Tuesday, December 4, 2007
Wednesday, November 21, 2007
IMO aesthetically I do prefer the annual calendar case shape and that lovely charcoal dial tone yet I find a better harmonization of balanced design with the single subdial Chrono in the Nautilus case.
Another difference I also noticed is how they inverted the color combo on the outer ring of the subdial and the center of the dial is now color matching the rest of the dial all IMHO contributing to the better aesthetics.
The movement is the same column wheel principle chrono in the same level of finishing as its larger sibling.
Same goes for a well fitted and sturdy constructed bracelet that fits almost like a luxurious piece of jewelry.
The Chrono rectangular yet oval shaped pushers are well placed under a 45% angle in both upper/lower right hand corner separated by a protruding crown. The execution is fine and the pushers have a firm yet solid feel once pressed.
The overall height and weight of the piece is slightly larger then a comparable 5712 Nautilus cousin very much akin to difference between Rolex Sub and Sea dweller.
I rather like the way the hands are all in the same style especially the way H/M hands are matching the hour indices.
The one thing I don’t care about is the date and its 3 o’clock positioning yet I certainly understand the need for it in this sporty piece.
Once one gets over the “atypical” Chrono time display it really does make more sense then an ordinary but cluttered 3 or classic 2 subdial chronometry representation. In fact after a week on ones wrist one might conclude it is actually an optimal way to represent & measure the passage of time.
Overall I found 5980 to be a very pleasurable watch for daily wear which certainly is evident by the enormous global demand making it a bonified hard to obtain piece.
Personally I have never been a fan of Nautilus or other related Genta’s designed creations yet find this model to be unexplainably rocking to its own tune.
Monday, October 8, 2007
William George Shuster, Senior Editor - JCK-Jewelers Circular Keystone, 10/2/2007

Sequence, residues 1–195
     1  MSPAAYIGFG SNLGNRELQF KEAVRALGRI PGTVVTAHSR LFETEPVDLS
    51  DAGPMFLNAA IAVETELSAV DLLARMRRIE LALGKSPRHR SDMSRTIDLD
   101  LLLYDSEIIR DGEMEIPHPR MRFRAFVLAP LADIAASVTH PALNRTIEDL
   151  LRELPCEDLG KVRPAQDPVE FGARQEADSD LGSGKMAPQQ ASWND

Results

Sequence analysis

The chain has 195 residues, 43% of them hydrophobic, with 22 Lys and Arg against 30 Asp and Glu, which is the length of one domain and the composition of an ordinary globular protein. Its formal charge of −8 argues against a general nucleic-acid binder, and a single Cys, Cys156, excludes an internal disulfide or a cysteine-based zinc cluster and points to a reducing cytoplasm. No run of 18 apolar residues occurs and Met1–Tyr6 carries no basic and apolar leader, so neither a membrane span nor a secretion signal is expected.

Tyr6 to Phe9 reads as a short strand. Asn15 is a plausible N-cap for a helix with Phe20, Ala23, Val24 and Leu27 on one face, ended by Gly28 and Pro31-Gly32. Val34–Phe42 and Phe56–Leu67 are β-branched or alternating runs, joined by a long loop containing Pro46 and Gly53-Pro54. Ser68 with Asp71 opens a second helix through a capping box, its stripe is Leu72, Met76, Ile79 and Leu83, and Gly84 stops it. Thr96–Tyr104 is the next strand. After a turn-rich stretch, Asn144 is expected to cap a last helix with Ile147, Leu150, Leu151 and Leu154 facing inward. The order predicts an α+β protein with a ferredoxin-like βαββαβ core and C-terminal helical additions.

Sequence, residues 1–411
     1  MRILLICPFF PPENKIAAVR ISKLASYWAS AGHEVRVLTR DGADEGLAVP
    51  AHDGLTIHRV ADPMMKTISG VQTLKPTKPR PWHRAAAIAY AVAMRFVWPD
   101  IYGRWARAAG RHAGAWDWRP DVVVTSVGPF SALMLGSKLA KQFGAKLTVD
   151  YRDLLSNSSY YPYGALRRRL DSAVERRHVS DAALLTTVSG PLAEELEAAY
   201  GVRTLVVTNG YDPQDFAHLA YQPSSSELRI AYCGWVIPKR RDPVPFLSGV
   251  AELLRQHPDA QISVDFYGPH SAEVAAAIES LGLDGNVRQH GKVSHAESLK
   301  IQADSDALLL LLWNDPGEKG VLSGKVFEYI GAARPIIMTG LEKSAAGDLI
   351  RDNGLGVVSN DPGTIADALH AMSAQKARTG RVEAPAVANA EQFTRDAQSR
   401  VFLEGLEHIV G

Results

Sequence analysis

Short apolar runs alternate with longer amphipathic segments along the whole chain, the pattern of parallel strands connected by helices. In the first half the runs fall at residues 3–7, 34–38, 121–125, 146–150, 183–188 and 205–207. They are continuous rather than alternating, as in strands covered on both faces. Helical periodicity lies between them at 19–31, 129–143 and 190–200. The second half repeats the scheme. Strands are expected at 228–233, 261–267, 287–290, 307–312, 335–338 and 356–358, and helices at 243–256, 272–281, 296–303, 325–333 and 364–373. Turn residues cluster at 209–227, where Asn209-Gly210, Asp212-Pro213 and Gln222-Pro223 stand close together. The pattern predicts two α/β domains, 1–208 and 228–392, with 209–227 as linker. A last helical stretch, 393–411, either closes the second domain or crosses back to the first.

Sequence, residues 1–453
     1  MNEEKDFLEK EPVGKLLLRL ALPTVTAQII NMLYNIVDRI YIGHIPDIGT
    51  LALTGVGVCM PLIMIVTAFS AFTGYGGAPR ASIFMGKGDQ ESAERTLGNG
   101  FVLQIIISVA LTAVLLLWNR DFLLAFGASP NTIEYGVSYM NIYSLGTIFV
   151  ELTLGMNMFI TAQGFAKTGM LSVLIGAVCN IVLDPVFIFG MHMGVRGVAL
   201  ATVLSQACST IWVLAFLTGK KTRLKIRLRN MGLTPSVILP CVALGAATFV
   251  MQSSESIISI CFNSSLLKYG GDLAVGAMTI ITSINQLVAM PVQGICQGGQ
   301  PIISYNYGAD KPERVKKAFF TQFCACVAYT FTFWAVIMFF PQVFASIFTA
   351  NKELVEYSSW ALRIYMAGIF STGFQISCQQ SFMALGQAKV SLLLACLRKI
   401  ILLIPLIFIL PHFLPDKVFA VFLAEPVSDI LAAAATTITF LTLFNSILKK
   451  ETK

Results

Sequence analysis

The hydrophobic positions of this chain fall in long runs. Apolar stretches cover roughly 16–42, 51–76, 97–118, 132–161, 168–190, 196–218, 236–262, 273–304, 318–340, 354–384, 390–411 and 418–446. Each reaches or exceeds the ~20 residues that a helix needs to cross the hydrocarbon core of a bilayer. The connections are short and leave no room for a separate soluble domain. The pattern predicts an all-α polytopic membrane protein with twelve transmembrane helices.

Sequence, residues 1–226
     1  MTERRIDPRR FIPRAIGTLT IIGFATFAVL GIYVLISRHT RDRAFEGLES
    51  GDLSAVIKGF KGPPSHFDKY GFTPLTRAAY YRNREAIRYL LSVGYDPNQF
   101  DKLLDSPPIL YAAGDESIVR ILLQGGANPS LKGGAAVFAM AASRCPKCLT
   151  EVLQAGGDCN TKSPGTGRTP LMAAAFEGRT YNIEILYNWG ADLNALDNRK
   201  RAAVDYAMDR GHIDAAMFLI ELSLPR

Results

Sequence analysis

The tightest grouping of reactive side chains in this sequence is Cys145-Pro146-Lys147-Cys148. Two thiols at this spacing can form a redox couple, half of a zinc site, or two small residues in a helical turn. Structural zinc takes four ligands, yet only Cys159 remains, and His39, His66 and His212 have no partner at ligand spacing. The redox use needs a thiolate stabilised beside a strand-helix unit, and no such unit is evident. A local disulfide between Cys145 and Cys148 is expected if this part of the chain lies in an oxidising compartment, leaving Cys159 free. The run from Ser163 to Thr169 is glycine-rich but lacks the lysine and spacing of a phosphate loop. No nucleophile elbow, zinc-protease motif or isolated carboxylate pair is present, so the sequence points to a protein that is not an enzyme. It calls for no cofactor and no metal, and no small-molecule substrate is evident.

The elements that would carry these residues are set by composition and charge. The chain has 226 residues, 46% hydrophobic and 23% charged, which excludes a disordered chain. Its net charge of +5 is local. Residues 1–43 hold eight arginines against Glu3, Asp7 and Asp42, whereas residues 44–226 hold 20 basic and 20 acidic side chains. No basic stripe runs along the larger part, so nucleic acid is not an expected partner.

Osvaldo Patrizzi, founder of Antiquorum, the international fine watch auction house, has filed legal actions against those who took over the company and ousted him and other top officials in early August. Meanwhile, an Antiquorum spokesperson said the company could have a permanent replacement for Patrizzi "within the next few weeks."
"Civil and criminal actions" were filed in the courts of Geneva, Switzerland, site of Antiquorum's headquarters, in August, said Didier Plantin, Patrizzi's lawyer and former legal consultant to Antiquorum, in a JCK interview. Patrizzi's U.S. lawyers were also "instructed to act to ... protect his [Patrizzi's] interests and the company's," he said. There were no court rulings, yet, at press time.
Antiquorum's current management had no comment about the legal actions or Patrizzi's allegations, said spokesperson Karin Tasso.
The legal suits, said Plantin, sought to "prove that any and all allegations or accusations against him [i.e., Patrizzi] and/or the former management of the company are wrong, illegal, irresponsible, and mainly destructive to Antiquorum." One legal question could be whether Antiquorum's new operators have sufficient shares to control the company.
The legal suits followed unexpected top management changes at Antiquorum. On Aug. 2, Patrizzi-who had been chairman and chief executive officer-was ousted by a new board of shareholders. Also leaving were Marc Schumacher, chief operating officer, Michel Cohendet, managing director, Alex Cohendet, financial and administrative director, Plantin, Kathryn Bonanno Patrizzi, his wife and a jewelry consultant, and Patrizzi's daughters; Roberta, then in charge of Antiquorum's Geneva showroom, and Patricia, then overseeing inventory.